Patient was managed with a course of oral antibiotics suspecting inflammatory pathology; with carcinoma as a differential diagnosis. After a week of antibiotics, patient was subjected for a lumpectomy under general anaesthesia. Gross specimen examination showed an ill defined lump of size approximately 8 × 6 cm with central necrosis and purulent exudates [Table/Fig-2]. Histopathological examination revealed features of granulomatous process with multi nucleated giant cells, epitheloid cells and macrophages; neither evidence of malignancy nor any specific organism was found [Table/Fig-3,,4].4]. Absence of caseous necrosis was marked in the granuloma which was surrounded by micro abscesses. TB-PCR was done which ruled out the possibility of tuberculosis. Anti-nuclear Antibody (ANA) profile was done with negative results. A diagnosis of idiopathic granulomatous mastitis was made by exclusion. Wound healing was normal and patient was discharge on seventh postoperative day. Monthly physical examination was scheduled and there were no signs of recurrence over six months follow up.

[Table/Fig-2]:
Cut section of gross specimen showing necrotic material.
[Table/Fig-3]:
Microscopic picture of granuloma in low power, stained with H&E showing absent central caseation in IGM.
[Table/Fig-4]:
High power (40X) picture showing giant cells and epitheloid cells in IGM (H&E stain).

Discussion

IGM is an extremely rare clinical scenario characterized by chronic inflammation and features of granulomatous disease process. It was first described by Kessler E and Wolloch Y in 1972 [1].

Clinically IGM presents in different forms. It can present as unilateral or bilateral breast mass with or without tenderness, nipple retraction, nipple discharge (serous/bloody), inflammatory skin changes (ulcerations/sinus formation or puckering) and rarely as axillary lymphadenopathy [2,3].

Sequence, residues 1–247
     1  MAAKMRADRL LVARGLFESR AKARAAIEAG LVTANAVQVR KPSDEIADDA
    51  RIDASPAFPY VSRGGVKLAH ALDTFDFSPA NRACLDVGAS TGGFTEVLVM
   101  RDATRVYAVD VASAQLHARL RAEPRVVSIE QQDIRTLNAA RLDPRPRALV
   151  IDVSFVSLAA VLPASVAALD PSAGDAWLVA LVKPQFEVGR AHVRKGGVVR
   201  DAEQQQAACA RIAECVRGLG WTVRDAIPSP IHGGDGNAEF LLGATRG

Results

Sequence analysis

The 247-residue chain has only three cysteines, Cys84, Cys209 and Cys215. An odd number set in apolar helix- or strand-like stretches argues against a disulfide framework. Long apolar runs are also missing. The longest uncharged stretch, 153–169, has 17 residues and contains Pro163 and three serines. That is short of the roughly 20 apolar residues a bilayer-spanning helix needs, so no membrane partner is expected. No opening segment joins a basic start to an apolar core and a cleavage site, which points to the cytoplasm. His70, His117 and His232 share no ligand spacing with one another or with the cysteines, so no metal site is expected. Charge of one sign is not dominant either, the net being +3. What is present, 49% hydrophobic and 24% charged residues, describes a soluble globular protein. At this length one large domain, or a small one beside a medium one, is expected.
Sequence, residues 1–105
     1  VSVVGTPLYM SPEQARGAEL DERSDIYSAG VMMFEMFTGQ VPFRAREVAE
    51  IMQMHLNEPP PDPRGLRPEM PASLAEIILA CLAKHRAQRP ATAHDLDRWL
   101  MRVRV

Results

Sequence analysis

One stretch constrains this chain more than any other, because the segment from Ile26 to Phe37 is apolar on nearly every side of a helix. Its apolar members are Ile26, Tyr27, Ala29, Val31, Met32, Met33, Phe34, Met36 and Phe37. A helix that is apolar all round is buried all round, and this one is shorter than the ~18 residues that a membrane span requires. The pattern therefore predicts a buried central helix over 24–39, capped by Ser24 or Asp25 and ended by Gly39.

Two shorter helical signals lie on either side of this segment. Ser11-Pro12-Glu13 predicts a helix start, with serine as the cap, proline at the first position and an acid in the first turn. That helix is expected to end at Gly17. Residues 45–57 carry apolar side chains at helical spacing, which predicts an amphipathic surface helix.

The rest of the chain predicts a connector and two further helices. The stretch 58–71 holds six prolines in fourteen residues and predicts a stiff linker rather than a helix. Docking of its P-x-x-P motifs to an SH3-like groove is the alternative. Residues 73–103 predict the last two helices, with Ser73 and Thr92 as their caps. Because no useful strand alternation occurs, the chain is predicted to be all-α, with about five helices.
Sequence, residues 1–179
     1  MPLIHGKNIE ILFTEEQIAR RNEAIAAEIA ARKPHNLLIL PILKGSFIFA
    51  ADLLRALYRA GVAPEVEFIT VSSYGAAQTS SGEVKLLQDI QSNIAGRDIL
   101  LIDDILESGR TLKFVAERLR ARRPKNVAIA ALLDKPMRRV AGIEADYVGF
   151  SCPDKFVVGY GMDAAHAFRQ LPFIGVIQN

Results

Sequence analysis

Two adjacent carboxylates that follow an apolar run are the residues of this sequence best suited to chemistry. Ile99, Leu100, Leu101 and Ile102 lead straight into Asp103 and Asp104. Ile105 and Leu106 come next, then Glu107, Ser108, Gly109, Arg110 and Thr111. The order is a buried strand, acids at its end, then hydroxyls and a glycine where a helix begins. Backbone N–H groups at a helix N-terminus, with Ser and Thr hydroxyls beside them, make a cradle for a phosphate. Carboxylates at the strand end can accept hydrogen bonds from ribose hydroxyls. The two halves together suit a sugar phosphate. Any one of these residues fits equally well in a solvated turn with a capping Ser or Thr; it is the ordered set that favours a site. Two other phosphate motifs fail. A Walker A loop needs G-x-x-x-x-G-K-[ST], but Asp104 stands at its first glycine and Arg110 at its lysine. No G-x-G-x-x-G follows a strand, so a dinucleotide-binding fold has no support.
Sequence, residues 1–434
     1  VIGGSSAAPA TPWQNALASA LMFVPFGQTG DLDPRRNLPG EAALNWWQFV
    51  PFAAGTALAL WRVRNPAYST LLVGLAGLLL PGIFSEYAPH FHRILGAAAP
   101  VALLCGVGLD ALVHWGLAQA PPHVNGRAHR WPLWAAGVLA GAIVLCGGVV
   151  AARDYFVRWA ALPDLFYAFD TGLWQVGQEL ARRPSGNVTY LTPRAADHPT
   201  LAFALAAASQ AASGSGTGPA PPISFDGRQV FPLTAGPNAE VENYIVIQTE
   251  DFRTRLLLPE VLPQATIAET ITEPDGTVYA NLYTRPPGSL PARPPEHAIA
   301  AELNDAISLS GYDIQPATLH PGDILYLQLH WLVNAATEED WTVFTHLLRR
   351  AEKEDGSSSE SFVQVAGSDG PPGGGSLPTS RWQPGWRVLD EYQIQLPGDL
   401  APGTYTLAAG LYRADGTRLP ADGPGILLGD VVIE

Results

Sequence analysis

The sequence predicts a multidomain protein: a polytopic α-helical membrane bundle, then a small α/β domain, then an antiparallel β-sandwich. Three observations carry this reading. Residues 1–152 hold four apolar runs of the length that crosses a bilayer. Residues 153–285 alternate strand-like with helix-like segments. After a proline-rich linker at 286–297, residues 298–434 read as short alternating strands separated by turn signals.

Imaging studies like mammogram and USG will give features closely mimicking a malignant lesion. Definitive diagnosis is made by histopathological examination and demonstration of granuloma formation without any evidence of infection. A mixed chronic inflammatory process containing lymphocytes, plasma cells, epitheloid histiocytes, multinucleated giant cells, and neutrophil infiltration with micro abscess can be found in the granuloma. IGM has become a clinical puzzle as it closely mimics malignancy [9] clinically and a definitive diagnosis can only be established by exclusion of wide spectrum of granulomatous diseases like sarcoidosis, Wegener’s granulomatosis [4], giant cell arteritis, polyarteritis nodosa, tuberculosis, syphilis, corynebacterial infection, cat-scratch disease etc., [5]. Other possibilities include fungal infections, duct ectasia, granulomatous reaction of carcinoma and foreign body granuloma. Sarcoidosis and Wegener’s granulomatosis are systemic diseases with multi organ involvement. Sarcoidosis affects mainly lung and associated lymph nodes, rarely may affect breast also. Wegener’s diseases are a large vessel vasculites that affect upper airway, lungs and kidney [5]. Polyarteritis nodosa and giant cell arterites are medium vessel arterites almost never affecting the breast. Granulomatous response to carcinoma is rare and is restricted in the peripheral stroma, charecterised by multinucleated giant cells [5]. Hence, exclusion of systemic involvement of the common granulomatous diseases along with histological evidences of granulomatous diseases is needed to arrive at a diagnosis of IGM [5,6].